In the Lyric Opera of Chicago’s season-opening production of The Marriage of Figaro, director Barbara Gaines lets us know early on that this is going to be a lusty romp. As the overture is playing, a scream is heard from a woman in “naughty maid” costume running down the aisle, pursued by the Count in a long red robe that makes him look like Sargent’s portrait of the womanizing Doctor Pozzi now on display at the Metropolitan Museum.
Bernard Wolfe’s The Great Prince Died: A Novel About the Assassination of Trotsky stands or falls by its invocation of the Kronstadt rebellion. If Trotsky was correct at Kronstadt, then his own murder could also be construed as right. If his murder stinks (as I most certainly believe), then he was wrong at Kronstadt, in which case his murder again becomes justified so long as he supports Kronstadt-like actions.
It is not entirely clear why, but my meetings with Oliver Sacks were all marked by an irrational euphoria. The places changed, from the Bronx to Spoleto—but above all Manhattan. We would start to talk and the sense of time would discreetly dissolve. On two occasions it also seemed to me that I could glimpse something of Oliver’s innermost essence.
Neither of William Sloane’s novels are, strictly speaking, science fiction. They are good stories, and can be read simply for pleasure, but what makes them fascinating and takes them to a higher level is their complete (and rather blithe) disregard of genre boundaries.
Egyptian President Abdel Fattah al-Sisi has used lethal force to stamp out dissent; reports of abuse and torture are widespread. But as I discovered in interviews with leading Egyptian talk show hosts and newspaper editors, they regard the defining feature of Sisi’s administration—the use of state-sanctioned violence and politicized trials to maintain order and crush its opponents—with near-unanimous approval.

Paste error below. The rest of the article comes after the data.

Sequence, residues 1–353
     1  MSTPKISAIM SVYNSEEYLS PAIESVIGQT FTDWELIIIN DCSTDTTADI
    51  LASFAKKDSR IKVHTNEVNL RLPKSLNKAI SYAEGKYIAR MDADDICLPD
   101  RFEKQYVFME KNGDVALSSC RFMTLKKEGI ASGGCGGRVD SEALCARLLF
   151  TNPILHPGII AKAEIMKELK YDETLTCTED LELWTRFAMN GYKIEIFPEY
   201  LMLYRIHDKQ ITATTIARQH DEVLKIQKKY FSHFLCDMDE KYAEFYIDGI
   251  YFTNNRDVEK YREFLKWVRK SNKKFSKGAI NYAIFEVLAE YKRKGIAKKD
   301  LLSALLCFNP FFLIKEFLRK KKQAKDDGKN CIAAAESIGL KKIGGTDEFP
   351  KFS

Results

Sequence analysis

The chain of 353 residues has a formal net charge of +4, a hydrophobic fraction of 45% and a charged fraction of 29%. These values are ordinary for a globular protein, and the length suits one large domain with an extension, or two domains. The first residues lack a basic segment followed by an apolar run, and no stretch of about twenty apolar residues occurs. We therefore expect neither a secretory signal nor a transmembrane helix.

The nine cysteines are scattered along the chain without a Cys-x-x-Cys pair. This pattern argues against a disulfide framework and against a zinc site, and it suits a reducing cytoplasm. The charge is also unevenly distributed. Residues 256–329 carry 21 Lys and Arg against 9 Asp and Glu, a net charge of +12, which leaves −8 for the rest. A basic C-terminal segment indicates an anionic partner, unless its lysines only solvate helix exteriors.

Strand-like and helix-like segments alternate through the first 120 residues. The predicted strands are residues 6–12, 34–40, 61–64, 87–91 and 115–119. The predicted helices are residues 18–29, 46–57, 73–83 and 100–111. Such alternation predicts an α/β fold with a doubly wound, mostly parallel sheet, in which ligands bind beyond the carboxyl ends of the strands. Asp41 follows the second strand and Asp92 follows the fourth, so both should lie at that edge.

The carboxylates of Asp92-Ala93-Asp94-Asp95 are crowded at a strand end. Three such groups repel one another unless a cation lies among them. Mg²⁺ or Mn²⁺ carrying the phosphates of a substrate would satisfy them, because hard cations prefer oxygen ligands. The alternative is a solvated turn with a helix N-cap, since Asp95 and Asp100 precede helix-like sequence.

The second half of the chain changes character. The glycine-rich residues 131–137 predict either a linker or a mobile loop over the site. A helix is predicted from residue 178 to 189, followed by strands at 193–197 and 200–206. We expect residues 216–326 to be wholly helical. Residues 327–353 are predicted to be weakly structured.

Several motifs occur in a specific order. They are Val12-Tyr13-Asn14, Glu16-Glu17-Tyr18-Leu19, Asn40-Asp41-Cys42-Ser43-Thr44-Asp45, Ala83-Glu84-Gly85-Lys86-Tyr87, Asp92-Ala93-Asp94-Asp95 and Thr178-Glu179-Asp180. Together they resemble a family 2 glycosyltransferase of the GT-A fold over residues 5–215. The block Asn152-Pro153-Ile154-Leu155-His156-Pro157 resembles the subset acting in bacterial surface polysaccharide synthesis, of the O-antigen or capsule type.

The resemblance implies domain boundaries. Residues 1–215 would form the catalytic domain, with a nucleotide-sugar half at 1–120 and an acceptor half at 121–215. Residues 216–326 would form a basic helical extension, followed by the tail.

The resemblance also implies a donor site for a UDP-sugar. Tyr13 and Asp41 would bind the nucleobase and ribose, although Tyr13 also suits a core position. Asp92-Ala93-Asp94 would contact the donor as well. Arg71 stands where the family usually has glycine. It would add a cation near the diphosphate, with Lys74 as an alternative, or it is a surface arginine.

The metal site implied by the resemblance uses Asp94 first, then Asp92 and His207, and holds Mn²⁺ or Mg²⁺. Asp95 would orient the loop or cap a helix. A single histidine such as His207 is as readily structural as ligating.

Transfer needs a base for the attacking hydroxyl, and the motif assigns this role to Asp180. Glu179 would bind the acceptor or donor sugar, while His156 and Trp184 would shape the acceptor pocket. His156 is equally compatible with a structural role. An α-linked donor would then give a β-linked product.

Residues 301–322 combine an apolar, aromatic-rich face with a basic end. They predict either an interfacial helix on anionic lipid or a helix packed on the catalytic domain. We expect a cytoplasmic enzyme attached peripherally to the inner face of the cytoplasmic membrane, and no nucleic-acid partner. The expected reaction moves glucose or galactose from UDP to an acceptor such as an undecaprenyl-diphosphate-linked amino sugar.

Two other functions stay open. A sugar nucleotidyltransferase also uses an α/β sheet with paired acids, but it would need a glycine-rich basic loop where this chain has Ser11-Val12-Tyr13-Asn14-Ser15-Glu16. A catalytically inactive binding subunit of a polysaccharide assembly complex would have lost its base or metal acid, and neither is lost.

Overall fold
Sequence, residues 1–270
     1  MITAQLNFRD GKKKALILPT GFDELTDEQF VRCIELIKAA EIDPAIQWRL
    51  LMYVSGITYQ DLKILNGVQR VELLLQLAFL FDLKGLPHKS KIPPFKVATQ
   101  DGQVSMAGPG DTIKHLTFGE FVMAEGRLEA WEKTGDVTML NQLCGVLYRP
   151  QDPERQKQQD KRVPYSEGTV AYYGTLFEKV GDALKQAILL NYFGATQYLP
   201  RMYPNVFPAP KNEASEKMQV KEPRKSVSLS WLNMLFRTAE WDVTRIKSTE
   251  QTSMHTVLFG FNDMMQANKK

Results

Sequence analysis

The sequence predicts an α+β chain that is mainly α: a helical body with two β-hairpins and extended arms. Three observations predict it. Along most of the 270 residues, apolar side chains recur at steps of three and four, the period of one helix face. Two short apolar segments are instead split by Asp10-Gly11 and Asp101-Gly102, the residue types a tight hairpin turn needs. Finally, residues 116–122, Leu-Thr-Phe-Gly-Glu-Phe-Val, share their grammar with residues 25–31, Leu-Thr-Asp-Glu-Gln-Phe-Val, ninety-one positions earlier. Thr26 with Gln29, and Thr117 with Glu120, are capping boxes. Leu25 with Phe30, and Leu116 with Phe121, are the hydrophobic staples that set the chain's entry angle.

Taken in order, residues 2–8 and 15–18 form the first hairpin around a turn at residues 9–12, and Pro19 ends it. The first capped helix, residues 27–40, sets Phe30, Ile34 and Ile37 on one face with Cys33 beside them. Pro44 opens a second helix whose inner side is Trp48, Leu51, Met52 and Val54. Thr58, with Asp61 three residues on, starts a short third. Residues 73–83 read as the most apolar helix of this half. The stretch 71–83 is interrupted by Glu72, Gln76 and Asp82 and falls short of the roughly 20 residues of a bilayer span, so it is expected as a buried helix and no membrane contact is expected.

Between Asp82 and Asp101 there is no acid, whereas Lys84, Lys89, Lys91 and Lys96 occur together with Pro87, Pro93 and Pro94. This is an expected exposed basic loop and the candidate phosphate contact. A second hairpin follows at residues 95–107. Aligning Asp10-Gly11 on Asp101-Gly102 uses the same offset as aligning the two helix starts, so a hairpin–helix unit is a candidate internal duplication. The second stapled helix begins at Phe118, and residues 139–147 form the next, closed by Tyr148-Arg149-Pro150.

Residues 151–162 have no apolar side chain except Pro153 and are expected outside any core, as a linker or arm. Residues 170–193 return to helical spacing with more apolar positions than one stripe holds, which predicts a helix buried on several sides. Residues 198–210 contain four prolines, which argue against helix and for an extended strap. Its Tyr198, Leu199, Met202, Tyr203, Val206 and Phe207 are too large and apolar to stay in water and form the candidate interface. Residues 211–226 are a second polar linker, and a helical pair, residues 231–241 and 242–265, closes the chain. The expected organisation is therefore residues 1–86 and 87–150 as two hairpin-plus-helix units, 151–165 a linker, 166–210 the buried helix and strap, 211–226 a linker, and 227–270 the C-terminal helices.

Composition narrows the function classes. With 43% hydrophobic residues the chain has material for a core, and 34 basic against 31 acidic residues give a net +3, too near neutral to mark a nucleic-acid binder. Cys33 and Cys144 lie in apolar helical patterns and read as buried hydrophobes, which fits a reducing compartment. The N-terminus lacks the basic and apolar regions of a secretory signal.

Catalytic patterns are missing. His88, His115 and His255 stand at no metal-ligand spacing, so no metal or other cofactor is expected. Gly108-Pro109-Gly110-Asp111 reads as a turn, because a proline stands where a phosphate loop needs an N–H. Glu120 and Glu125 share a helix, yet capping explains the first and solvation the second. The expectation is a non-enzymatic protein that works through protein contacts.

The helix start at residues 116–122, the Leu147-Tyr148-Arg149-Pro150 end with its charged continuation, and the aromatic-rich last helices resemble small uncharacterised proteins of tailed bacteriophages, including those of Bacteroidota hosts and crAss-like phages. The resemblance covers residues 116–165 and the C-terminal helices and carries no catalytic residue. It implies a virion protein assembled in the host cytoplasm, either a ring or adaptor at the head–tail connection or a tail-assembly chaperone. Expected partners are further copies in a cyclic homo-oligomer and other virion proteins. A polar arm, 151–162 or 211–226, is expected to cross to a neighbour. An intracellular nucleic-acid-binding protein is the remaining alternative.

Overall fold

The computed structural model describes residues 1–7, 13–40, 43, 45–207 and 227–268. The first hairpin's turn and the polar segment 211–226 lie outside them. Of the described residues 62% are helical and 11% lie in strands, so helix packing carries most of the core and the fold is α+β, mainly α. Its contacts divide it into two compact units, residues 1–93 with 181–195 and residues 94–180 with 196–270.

Ai Weiwei: My feelings are, actually are…how can I describe this situation? It’s like I was on arid land and thrown into water. I’ve been running for so many years and now have reached the shore. It’s that kind of feeling. Because I never felt I belonged in water. That kind of control. That kind of pressure. And every kind of threat. I was living under constant threats. And suddenly this thing, suddenly it vanishes, and everything returns to normal.
Since the rapid expansion of high-security prisons in the 1980s, solitary confinement has become pervasive across the United States in both state and federal prisons, involving, according to recent estimates, more than 75,000 inmates at any given time. It is imposed by prison officials for security and disciplinary reasons, but often with little oversight and on the basis of minor infractions. So far, many of the reforms voluntarily adopted by prison officials involve cutting back on, not eliminating, solitary confinement. A recent settlement in California might provide a way forward.
One of the founding figures of photojournalism, Erich Salomon pioneered the use of hidden cameras—the phrase “candid camera” was first applied to him. As my father turns ninety and I myself slide farther past sixty, the unguarded moments at a 1929 birthday party, captured by Salomon’s camera, recall the poet Rilke contemplating a photograph of his own father in his youth: “You swiftly fading daguerreotype/ In my more slowly fading hands.”
It’s two weeks now since I saw the remarkable show of Jean-Étienne Liotard (1702-1789), yet I’m still puzzling over the nature of the Swiss-French painter’s charm and strength. For all his showmanship, Liotard’s greatest art, as Walpole said, was in catching a likeness; and in grasping the fleeting moment, he casts us too back in time.